ArcelorMittal, the world's largest steel company, has announced that it will be supplying steel for the Noveau Stade de Bordeaux, home of the Girondins de Bordeaux football club. The stadium will seat 42,000 people when completed in April 2015.
The steel will come from ArcelorMittal's production sites in France, Luxembourg, and Spain and will consist of 4.2kt of steel beams of S275 and S355J0 grades (from Luxembourg) and 500 tonnes of tubes from Spain. The company is also supplying 70,000 m² of steel for the interior trim, including a giant perforated canopy using ArcelorMittal’s branded Frequence roofing profile produced in France. The canopy will protect the crowd against the elements and serve as a sound insulator. The company will also supply 20,000 m² of Cofraplus open-rib composite floor decks produced in France.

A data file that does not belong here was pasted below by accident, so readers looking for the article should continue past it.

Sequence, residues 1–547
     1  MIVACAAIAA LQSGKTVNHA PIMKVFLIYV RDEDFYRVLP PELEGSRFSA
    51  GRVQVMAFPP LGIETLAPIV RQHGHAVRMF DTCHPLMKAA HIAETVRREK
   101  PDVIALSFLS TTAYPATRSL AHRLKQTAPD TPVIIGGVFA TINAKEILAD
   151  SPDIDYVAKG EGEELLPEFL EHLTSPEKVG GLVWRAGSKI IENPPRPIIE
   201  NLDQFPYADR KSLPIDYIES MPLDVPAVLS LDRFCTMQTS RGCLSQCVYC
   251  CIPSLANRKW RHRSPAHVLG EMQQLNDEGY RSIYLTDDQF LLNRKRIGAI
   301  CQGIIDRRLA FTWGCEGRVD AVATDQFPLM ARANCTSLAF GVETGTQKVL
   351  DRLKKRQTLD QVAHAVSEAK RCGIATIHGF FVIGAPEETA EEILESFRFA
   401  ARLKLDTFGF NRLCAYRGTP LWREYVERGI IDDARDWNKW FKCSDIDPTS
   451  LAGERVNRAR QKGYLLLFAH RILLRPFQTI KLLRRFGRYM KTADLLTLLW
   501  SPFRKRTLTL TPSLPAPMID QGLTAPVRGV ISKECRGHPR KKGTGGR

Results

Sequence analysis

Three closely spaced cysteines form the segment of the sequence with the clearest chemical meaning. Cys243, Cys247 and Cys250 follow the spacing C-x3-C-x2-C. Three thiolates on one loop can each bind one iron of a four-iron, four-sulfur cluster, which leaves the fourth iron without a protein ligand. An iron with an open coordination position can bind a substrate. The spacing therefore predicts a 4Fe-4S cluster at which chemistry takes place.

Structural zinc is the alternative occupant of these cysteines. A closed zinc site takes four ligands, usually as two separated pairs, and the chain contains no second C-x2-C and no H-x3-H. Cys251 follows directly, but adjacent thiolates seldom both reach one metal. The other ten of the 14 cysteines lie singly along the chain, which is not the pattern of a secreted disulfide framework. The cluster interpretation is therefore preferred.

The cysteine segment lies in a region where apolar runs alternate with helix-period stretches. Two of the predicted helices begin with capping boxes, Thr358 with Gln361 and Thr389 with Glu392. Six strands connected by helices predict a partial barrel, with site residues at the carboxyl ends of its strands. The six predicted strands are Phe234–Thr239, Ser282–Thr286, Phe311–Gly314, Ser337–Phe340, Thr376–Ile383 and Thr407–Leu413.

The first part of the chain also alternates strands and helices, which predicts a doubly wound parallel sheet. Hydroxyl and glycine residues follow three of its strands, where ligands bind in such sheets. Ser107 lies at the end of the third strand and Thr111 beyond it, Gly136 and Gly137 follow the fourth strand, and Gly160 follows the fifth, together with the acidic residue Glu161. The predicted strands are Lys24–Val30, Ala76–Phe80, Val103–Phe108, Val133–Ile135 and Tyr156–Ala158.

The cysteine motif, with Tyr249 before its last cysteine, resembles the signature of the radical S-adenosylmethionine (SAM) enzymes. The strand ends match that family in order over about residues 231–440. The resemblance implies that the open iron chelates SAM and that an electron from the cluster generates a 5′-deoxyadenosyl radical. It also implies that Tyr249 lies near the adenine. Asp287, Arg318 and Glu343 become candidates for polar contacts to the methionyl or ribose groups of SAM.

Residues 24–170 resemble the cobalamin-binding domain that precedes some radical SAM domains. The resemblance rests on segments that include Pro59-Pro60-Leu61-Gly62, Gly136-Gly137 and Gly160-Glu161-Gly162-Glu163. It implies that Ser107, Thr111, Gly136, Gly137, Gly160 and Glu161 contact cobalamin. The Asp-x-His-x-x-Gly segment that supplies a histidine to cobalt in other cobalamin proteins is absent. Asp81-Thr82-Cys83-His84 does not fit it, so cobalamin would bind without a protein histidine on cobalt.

According to ArcelorMittal, some 12kt of steel will be used for the stadium's frame and this is said to be twice the amount of steel used to build to Eiffel Tower in Paris. The steel will be used for the structure of the north and south stands, the framework of the upper tier, the roof structure and most of the cladding, including the underside of the upper terraces and all the roof supports and covers. The venue includes 644 round steel columns (up to 37 metres tall) that mimic trees in a forest.
In more conventional structures, concrete has been the material of choice, but using steel significantly reduces the weight
Hervé Bourrier, CEO of ArcelorMittal France, who paid a recent visit to the construction site, said that ArcelorMittal is a major player in the construction sector and has a wide range of products and solutions for both the structure and frame of major buildings like the Nouveau Stade de Bordeaux. He said the company offered 'many innovations' to satsify the needs on an increasingly demanding construction sector in terms of technical and aesthetic requirements.
The new stadium is one of 10 venues hosting the UEFA EURO 2016 championships in France. It is located between a man-made lake and the Garonne river in northern Bordeaux and will replace Stade Chaban-Delmas, which was a World Cup venue in 1938 and 1998.
The stadium was designed by the Swiss firm Herzog & de Meuron.